Aspects of your financial life to review as the year draws to a close.
Provided by Paul Ellis, CIMA®
The end of the year can help remind us of last-minute things we need to address and the goals we want to accomplish. To that end, here are some aspects of your financial life to think about as this year leads into the next.
Keep in mind, this article is for informational purposes only and is not a replacement for real-life advice. Make certain to contact a tax or legal professional before modifying your tax strategy. The ideas presented are not intended to provide specific advice.
Your investments. Set a goal to review your investments with your financial professional. You’ll want to come away from the meeting with an understanding of your portfolio positions. Look over your portfolio positions and revisit your asset allocation. Remember, asset allocation and diversification are approaches to help manage investment risk. They do not guarantee against investment loss.
Your retirement strategy. You may want to consider contributing the maximum to your retirement accounts. It’s also a good idea to review any retirement accounts you may have through your work. This is also a great time to decide on making catch-up contributions if you are eligible.
Your tax situation. It’s a good idea to consider checking in with your tax or legal professional before the year ends, especially if you have questions about an expense or deduction from this year. Also, it may be a good idea to review any sales of property as well as both realized and unrealized losses and gains. Look back at last year’s loss carryforwards. If you’ve sold securities, gather up cost-basis information. As always, bringing all this information to your financial professional is a smart move. 1
Your charitable gifting goals. Plan charitable contributions or contributions to education accounts and make any desired cash gifts to family members. The annual federal gift tax exclusion allows you to give away up to $15,000 in 2020, meaning you can gift as much as $15,000 to as many individuals as you like this year, tax-free. Such gifts do not count against the lifetime estate tax exemption amount, as long as they stay beneath the annual federal gift tax exclusion threshold. Besides outright gifts, you can explore creating and funding trusts on behalf of your family. The end of the year is also a good time to review any trusts you have in place. Using a trust involves a complex set of tax rules and regulations. Before moving forward with a trust, consider working with a professional who is familiar with the rules and regulations. 1,2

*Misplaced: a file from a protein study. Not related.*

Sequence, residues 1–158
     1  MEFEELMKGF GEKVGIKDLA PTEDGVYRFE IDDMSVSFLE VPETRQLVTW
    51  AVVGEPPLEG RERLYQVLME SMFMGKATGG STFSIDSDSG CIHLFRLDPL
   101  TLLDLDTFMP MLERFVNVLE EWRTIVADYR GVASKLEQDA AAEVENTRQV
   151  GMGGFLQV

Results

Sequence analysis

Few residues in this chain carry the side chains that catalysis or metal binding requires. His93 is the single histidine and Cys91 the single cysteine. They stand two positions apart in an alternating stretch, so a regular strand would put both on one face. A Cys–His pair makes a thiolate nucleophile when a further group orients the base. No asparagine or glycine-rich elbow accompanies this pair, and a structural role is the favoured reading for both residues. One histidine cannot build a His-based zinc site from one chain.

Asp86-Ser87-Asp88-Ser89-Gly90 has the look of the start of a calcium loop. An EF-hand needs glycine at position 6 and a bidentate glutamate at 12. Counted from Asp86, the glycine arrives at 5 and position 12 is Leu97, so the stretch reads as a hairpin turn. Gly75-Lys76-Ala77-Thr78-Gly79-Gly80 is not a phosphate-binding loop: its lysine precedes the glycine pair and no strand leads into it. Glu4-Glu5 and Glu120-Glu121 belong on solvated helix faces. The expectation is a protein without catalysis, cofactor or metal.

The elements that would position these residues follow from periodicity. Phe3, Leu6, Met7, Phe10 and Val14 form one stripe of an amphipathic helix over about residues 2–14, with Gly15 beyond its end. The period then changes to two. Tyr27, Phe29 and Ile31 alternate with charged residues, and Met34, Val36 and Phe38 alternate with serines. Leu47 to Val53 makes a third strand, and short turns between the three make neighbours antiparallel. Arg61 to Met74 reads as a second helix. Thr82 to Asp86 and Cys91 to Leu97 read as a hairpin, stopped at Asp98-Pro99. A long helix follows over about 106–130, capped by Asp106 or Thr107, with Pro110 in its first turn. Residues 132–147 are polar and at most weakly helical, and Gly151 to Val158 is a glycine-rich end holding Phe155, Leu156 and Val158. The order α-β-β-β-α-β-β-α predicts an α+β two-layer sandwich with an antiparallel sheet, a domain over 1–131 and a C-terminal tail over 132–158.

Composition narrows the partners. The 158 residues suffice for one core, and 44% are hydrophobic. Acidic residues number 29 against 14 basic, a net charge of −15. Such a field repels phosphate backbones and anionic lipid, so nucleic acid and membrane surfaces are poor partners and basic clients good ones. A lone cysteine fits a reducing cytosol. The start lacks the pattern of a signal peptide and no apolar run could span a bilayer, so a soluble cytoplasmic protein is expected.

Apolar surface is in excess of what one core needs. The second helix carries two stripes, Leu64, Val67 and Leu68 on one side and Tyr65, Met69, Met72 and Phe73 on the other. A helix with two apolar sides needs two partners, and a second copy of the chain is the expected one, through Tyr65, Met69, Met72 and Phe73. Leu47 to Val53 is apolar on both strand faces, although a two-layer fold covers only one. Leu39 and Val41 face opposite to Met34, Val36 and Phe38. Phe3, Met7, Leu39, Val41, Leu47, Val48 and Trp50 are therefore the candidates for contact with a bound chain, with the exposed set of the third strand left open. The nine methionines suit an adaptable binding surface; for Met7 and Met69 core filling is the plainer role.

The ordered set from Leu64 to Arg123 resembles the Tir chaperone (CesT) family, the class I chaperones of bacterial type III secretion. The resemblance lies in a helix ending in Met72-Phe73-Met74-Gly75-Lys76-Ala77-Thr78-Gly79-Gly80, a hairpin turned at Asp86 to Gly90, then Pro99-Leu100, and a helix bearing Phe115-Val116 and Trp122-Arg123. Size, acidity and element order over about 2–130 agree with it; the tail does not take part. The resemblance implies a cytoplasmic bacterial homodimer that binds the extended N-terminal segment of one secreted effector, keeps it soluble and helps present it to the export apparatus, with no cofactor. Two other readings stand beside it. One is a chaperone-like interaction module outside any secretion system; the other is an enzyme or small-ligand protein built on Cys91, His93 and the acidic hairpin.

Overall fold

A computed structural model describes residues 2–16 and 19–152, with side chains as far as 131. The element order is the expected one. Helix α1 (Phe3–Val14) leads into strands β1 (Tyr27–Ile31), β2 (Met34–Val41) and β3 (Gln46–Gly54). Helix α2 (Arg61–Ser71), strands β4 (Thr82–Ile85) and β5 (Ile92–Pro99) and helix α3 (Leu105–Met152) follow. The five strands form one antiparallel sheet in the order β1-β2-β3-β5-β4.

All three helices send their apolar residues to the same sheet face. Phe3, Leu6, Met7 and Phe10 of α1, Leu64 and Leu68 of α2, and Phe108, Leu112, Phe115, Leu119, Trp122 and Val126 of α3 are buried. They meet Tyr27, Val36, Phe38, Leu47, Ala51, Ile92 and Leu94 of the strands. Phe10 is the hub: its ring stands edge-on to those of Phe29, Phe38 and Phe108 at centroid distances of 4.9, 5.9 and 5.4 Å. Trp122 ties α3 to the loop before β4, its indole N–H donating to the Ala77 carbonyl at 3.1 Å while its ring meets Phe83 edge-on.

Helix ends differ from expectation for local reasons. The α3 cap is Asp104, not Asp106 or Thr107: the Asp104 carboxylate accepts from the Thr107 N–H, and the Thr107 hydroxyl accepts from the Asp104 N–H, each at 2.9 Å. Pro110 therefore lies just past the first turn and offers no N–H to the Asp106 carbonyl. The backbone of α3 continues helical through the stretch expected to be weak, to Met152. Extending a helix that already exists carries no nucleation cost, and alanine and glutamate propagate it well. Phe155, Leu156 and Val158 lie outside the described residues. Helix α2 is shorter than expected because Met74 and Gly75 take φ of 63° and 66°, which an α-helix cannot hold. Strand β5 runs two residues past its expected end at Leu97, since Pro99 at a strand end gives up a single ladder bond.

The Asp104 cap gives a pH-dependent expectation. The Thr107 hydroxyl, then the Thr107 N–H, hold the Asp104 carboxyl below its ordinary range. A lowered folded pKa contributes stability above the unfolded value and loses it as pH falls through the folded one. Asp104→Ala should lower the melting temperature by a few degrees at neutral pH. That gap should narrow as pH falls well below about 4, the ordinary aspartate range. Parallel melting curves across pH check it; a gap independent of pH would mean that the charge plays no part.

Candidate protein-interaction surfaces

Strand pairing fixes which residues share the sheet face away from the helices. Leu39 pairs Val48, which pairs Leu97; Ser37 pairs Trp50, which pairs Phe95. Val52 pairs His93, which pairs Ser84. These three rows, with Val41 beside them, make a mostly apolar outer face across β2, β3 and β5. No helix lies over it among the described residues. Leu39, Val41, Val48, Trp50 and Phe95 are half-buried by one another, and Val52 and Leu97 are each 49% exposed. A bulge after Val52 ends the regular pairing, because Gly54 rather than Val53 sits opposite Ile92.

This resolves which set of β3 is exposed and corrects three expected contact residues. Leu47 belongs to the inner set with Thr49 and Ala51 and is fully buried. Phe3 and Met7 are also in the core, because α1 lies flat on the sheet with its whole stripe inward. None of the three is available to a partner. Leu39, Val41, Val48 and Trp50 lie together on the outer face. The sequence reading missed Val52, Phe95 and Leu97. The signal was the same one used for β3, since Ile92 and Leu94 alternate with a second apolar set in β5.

Your life insurance coverage. The end of the year is an excellent time to double-check that your policies and beneficiaries are up to date. Don’t forget to review premium costs and beneficiaries and think about whether your insurance needs have changed. Several factors could impact the cost and availability of life insurance, such as age, health, and the type of insurance purchased, as well as the amount purchased. Life insurance policies have expenses, including mortality and other charges. If a policy is surrendered prematurely, you may pay surrender charges, which could have income tax implications. You should consider determining whether you are insurable before implementing a strategy involving life insurance. Finally, don’t forget that any guarantees associated with a policy are dependent on the ability of the issuing insurance company to continue making claim payments.
Life events. Here are some questions to ask yourself when evaluating any large life changes in the last year: Did you happen to get married or divorced this year? Did you move or change jobs? Did you buy a home or business? Was there a new addition to your family this year? Did you receive an inheritance or a gift? All these circumstances can have a financial impact on your life as well as the way you invest and plan for retirement and wind down your career or business.
Paul Ellis, CIMA® may be reached at 425.405.7720 or firstname.lastname@example.org.
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1. turbotax.intuit.com, October 20, 2020
2. irs.gov, September 19, 2020